Relationships with the stars[edit]

Benny Thau was trusted by the stars. For example, Greta Garbo never had a formal contract with MGM. The director and producer Gottfried Reinhardt recalled that at one time Thau explained to Garbo that if she accepted a sizable salary reduction she would move into a lower tax bracket and receive the same net pay. She understood the logic and agreed to the cut on a handshake.[9] When MGM first approached Rosalind Russell for a screen test in the early 1930s she was not enthusiastic, remembering poor treatment at her audition for Universal. When she met MGM's Benny Thau and Ben Piazza she was surprised, as they were "the soul of understanding."[10]

Greer Garson was Thau's mistress during her first years at MGM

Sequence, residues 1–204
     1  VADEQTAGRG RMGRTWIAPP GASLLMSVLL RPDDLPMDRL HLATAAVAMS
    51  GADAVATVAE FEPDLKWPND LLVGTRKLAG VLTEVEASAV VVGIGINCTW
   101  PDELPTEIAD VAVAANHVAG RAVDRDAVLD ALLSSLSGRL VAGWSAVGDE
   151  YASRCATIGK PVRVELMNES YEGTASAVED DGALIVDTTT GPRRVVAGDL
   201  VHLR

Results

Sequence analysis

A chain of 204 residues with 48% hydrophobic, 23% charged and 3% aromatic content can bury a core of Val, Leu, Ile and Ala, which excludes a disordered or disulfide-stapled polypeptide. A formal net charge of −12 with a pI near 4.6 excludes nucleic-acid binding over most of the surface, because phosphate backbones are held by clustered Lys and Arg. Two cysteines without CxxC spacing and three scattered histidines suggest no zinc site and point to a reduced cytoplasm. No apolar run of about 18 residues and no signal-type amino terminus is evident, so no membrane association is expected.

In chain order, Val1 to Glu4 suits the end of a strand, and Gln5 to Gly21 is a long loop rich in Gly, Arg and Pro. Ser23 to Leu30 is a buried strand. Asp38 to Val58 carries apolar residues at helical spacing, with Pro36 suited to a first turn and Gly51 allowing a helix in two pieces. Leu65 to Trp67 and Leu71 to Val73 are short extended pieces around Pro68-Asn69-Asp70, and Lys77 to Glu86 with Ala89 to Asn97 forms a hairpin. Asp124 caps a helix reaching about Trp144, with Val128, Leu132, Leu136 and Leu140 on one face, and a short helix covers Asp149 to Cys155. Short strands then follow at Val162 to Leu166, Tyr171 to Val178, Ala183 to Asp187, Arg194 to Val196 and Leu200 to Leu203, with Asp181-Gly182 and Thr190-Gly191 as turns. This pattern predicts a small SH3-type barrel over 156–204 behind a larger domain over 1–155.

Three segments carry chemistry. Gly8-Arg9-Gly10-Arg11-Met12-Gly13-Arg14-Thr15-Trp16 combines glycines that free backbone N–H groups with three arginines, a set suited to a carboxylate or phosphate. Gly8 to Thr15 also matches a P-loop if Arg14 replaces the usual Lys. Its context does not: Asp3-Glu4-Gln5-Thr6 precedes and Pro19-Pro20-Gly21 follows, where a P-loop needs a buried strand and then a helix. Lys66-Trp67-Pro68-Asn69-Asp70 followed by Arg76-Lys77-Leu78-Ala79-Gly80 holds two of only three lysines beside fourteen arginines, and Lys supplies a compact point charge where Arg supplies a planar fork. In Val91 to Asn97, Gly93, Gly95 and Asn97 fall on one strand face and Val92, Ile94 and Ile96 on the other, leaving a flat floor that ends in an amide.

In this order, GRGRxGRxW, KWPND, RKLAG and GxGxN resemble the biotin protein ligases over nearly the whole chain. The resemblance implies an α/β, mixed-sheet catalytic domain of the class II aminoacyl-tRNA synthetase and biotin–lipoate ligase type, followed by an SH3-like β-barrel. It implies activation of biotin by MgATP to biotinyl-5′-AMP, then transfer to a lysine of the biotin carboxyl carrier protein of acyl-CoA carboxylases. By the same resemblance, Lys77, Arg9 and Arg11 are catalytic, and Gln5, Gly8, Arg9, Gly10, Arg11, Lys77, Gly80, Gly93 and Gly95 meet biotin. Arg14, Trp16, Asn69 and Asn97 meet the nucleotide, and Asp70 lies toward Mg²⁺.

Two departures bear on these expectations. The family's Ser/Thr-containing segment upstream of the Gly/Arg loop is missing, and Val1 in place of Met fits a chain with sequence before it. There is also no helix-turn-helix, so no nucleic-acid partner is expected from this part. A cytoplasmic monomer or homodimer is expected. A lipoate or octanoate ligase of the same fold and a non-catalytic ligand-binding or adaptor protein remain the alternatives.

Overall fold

During her first years at MGM Greer Garson was Thau's mistress.[3] Thau was a strong supporter of Garson, who received an Oscar nomination in 1941 for Blossoms in the Dust. Joan Crawford, a more established star, was angry that she had not received any recognition, and blamed Thau.[11] She left the studio. However, in 1953 she was surprised to get a call from Thau offering her a starring role in Torch Song (1953).[12]

Elizabeth Taylor was given a role by MGM in Lassie Come Home, and was offered a long-term contract at the beginning of 1943.[13] She chose MGM because "the people there had been nicer to her when she went to audition", Taylor recalled.[14] Benny Thau was to remain the "only MGM executive" she fully trusted during subsequent years, because, according to Alexander Walker, "he had, out of kindly habit, made the gesture that showed her she was loved".[14] He played a key role in Taylor's career, managing her contracts and helping her get what she wanted on each of her films.[4] She said she saw Thau as her surrogate father, and went to him "for help and advice".[15] Thau remembered her as a "little dark-haired beauty ... [with] those strange and lovely eyes that gave the face its central focus, oddly powerful in someone so young."[16]